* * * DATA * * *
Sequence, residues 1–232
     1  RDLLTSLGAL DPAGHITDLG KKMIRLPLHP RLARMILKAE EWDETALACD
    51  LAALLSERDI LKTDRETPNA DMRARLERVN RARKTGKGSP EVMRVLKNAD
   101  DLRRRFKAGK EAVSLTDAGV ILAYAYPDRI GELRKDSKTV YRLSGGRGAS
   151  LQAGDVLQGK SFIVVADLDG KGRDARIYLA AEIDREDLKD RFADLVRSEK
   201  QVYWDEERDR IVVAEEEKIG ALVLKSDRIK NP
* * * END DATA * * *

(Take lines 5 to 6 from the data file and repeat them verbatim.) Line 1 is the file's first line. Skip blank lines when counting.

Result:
   151  LQAGDVLQGK SFIVVADLDG KGRDARIYLA AEIDREDLKD RFADLVRSEK
   201  QVYWDEERDR IVVAEEEKIG ALVLKSDRIK NP